by Mitch Kokai
Senior Political Analyst, John Locke Foundation
Speaking to former staffers on Pod Save America at an event to celebrate the 15th anniversary of his election, Barack Obama decided to address the “complexity” of a crisis that began when Hamas slaughtered 1,400 Israelis ranging from babies to senior citizens, burned civilians, raped women, and took 230 hostages.
While Hamas’s actions were “horrific,” Obama said, “what is also true is that the occupation and what’s happening to Palestinians is unbearable.” He then went on an extended on-the-one-hand/on-the-other-hand discourse, before reflecting, “If you want to solve the problem, then you have to take in the whole truth and then you have to admit nobody’s hands are clean. That all of us are complicit to some degree.”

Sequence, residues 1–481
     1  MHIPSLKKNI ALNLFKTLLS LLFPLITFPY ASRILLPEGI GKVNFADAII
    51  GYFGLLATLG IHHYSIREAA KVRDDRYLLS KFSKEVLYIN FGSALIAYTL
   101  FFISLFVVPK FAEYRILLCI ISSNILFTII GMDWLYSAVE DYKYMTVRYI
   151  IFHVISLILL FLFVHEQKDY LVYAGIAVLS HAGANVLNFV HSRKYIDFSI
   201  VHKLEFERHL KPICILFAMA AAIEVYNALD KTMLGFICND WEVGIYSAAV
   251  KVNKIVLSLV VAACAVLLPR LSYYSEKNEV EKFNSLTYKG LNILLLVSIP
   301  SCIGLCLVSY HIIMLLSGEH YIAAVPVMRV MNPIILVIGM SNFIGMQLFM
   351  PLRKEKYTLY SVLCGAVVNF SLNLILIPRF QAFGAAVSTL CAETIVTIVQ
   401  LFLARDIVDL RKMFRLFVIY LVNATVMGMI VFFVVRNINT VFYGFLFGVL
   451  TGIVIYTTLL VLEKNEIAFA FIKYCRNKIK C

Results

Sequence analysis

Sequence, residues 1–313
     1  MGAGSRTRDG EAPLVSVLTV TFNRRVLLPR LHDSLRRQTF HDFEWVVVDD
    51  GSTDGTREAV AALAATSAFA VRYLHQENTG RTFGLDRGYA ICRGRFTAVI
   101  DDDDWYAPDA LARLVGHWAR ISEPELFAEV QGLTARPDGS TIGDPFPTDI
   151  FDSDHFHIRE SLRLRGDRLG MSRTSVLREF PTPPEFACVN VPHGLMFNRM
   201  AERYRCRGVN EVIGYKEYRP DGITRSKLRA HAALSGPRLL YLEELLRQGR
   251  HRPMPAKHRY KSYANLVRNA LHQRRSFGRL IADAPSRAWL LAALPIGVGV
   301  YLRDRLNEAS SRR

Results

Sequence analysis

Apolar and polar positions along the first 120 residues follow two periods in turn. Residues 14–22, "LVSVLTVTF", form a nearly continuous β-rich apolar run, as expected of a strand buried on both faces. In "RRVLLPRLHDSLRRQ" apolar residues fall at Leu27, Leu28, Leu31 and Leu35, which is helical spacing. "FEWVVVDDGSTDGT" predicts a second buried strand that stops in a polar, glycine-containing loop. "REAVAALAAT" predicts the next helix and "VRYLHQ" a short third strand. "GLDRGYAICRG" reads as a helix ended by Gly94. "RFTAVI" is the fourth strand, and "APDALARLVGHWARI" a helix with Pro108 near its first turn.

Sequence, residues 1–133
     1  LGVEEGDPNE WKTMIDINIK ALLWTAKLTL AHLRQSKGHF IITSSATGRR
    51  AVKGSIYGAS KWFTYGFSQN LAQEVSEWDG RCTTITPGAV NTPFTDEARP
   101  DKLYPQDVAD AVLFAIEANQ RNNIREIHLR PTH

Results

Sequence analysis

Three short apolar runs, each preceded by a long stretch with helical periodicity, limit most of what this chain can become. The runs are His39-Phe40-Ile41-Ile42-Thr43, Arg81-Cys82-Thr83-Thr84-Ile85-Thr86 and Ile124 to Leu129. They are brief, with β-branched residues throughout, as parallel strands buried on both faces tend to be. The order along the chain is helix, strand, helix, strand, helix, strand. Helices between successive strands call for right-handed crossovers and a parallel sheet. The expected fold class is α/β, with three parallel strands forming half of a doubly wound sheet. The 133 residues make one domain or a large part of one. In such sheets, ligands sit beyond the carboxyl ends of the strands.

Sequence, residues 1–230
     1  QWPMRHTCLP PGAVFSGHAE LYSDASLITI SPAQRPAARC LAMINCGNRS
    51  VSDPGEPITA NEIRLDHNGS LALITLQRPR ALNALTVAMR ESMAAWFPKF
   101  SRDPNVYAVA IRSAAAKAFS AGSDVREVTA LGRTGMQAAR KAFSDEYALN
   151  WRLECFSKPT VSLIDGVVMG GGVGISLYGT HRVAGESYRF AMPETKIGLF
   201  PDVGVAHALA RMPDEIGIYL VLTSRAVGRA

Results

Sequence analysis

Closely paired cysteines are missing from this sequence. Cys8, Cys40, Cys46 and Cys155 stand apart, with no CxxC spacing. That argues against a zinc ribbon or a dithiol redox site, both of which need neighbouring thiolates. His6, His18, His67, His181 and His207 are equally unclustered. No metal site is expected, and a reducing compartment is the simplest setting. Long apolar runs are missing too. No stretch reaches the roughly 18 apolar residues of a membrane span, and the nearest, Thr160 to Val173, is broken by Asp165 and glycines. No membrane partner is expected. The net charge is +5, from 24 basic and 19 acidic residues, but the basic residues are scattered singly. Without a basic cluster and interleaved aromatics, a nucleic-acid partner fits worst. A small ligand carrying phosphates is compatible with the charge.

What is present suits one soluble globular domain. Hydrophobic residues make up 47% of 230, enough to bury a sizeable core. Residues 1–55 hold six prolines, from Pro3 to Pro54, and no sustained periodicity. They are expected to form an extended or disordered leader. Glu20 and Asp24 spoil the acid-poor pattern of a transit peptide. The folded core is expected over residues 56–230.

To start, the blame for October 7 and all of the events that followed it rests squarely with the terrorist group that perpetrated the attacks. But to the extent that there’s more blame to go around, it’s worth separating Obama from the rest of us. Unlike Obama, the rest of “us” did not get to be president of the United States and steer policy in the region for nearly a decade.
Obama referred to his presidency in characteristically self-aggrandizing fashion, patting himself on the back for all of his amazing effort: “As hard as I tried, and I’ve got the scars to prove it, but there’s a part of me that’s still saying, ‘Well, was there something else I could have done?’”
We have some ideas.
Obama entered office in 2009 as one of the most hostile presidents to Israel in the history of American relations with the Jewish state. Meeting with the leaders of major Jewish organizations, he said he would intentionally attempt to create more distance between the U.S. and Israel.